Screenshot of Gboard - the Google Keyboard in device store.
Picture 1: Gboard- the Google Keyboard (Google Play Store, 2018).

With this keyboard, you can voice type, use Google Translate, use emojis, and in general use a keyboard in multimodal ways that currently aren’t supported on many other keyboards. In many ways, Google wants to make their products more accessible in the mode that people are currently using the most, the keyboard on the mobile phone. The size of the individual keys on the board may differ in size from the regular keyboard. You might notice some glitches, but you can always go to another keyboard and return to the Gboard when you need it.

Faster and more accurate than Siri, users can easily enable the keyboard, speak what I need to say, and check for any modifications that are needed (see Picture 2). Instead of opening a new browser to find certain things, Google has made it possible to search from within the keyboard (see Picture 3). Best of all, you can have this keyboard enabled in up to three languages. If part of your life is in one language, and the other in another language, all you need to do is toggle on the keyboard. There are still glitches, such as repeating parts of the sentences or accidentally toggling to the wrong language, but the ability to use this to practice your second language is powerful.

Screenshots of Gboard that demonstrates the use of speech recognition, search bar features, and the use of multiple language keyboards.
Pictures 2-
Gboard Speech Recognition on iPhone (left); Gboard Search Bar on iPhone (middle) and Installed Languages on Gboard on iPhone (right).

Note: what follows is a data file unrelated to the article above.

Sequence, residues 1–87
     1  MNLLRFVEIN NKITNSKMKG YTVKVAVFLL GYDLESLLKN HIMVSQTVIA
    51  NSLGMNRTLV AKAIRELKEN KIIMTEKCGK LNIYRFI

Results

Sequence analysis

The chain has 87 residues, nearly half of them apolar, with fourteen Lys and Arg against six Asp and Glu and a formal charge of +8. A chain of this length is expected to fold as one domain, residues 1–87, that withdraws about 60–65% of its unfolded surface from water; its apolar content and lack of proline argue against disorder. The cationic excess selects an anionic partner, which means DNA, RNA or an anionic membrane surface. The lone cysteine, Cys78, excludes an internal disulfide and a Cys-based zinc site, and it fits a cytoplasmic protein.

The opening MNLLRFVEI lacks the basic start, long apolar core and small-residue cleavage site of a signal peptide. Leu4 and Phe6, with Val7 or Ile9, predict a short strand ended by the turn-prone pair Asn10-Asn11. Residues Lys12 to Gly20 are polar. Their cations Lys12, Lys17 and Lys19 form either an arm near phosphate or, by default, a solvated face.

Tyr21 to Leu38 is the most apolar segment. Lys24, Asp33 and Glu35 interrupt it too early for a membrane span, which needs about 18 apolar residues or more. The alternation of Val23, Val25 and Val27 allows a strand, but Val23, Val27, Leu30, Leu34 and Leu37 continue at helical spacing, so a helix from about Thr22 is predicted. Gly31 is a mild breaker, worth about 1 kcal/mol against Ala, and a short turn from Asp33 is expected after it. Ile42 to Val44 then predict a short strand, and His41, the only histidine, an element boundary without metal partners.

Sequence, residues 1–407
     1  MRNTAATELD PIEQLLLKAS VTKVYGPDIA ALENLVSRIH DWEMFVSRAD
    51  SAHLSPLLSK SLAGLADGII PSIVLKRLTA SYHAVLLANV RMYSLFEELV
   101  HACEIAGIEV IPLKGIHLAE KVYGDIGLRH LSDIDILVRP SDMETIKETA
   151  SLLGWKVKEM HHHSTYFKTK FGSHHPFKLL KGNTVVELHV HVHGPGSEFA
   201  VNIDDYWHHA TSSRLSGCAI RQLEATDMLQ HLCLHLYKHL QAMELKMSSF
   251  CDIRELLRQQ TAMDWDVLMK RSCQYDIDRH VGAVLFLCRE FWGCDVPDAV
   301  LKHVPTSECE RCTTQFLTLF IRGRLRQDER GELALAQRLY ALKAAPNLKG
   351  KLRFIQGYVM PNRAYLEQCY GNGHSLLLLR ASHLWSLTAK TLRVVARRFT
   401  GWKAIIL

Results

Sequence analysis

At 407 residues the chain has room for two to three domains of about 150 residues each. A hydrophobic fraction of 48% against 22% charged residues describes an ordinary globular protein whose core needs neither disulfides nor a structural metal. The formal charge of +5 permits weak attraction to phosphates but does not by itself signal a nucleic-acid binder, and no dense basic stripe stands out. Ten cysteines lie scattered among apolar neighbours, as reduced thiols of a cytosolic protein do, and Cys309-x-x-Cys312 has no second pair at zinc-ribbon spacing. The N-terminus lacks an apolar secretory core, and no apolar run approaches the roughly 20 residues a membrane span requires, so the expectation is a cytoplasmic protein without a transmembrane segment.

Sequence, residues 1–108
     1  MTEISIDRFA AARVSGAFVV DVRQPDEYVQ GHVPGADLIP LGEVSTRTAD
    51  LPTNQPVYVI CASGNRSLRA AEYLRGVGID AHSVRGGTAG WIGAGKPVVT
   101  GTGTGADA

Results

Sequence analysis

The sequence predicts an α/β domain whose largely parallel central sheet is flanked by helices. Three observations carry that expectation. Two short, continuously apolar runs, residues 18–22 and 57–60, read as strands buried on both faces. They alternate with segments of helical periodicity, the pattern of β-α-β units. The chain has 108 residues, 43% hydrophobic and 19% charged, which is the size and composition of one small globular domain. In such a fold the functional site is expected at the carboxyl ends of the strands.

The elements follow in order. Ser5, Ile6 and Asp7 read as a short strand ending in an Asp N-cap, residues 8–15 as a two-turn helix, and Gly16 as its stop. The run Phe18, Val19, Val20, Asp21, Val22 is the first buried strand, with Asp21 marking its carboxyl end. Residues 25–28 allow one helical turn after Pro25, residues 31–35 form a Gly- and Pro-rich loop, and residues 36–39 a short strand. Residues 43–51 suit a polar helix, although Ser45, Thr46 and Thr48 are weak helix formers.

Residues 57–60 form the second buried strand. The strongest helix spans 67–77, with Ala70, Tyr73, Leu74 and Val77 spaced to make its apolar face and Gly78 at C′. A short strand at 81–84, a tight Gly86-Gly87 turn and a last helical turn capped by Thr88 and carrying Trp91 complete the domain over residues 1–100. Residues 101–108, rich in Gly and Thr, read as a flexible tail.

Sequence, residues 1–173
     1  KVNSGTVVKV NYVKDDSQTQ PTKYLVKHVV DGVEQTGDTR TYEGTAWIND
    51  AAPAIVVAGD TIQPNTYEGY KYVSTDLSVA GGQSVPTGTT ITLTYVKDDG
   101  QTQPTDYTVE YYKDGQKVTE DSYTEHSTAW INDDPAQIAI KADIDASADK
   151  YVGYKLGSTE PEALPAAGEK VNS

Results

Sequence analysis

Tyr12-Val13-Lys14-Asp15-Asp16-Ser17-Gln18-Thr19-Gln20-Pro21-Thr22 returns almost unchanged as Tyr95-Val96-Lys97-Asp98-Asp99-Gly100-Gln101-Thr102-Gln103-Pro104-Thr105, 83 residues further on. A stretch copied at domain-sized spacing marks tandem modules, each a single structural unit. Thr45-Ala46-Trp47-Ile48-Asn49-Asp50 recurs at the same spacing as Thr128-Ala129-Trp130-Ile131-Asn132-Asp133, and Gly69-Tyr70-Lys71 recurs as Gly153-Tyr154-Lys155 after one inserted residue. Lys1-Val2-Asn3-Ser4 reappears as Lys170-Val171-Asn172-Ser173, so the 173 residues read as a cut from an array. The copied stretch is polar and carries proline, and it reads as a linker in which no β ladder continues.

When you are not on your mobile and potentially need longer sentences and paragraphs, Google Voice Typing is available in Google Docs. Google Voice Typing can be found under the “Tools” menu bar under “voice typing.” Next you’ll have to specify the language and give permissions to allow the microphone to listen to you speak. When you enable Voice Typing, you’ll see a large red microphone working on your speech by listening to words in contexts (see Picture 5). Voice Typing corrects itself as it recognizes words and puts together whether words are possessives or adverbs, etc. Most of the time the words that the voice typing will get right are regular words like verbs and adjectives, not more difficult content words like the names of places or people. For example, it is not yet sophisticated enough to learn my last name, but it may get more common words and more recognizable names such as Sotomayor, Mother Teresa and Beyoncé. Another limitation is that this tool requires significant working memory of your computer. If it is pausing frequently or stops, simply refresh the page or the speech recognizer through the red icon that appears on the page (see Picture 5).

There are limitations to what this software can recognize, but when the voice typing fails, there is always the option to type manually. Using it in hybrid ways is clearly the most effective use of the tool.

Screenshot that demonstrates Google Voice Typing in Google Docs.
Picture 3: Google Voice Typing Example.

What seems almost magical is the speed, the accuracy, and the direct link between your voice and the written words on the screen. Only a few years ago, this type of technology cost hundreds of dollars per user. Now, it’s free with a Google account to those with access to technology.


Speech technology in language learner settings is relatively new concept and it isn’t always straightforward how to best integrate it into homework and in-class time. In my experience, the best ways are task-based assignments out of class that inform discussions and content we are covering. Learning about modals and polite dialogues? I send students in pairs to write, speak, practice, and deliver short dialogues with technology in hand.

In my research about student experiences with speech technology, language learners talk about how different it is to copy and paste answers versus using speech technology tools. For example, here is an excerpt from one of my participants comparing the use of speech technology to traditional homework: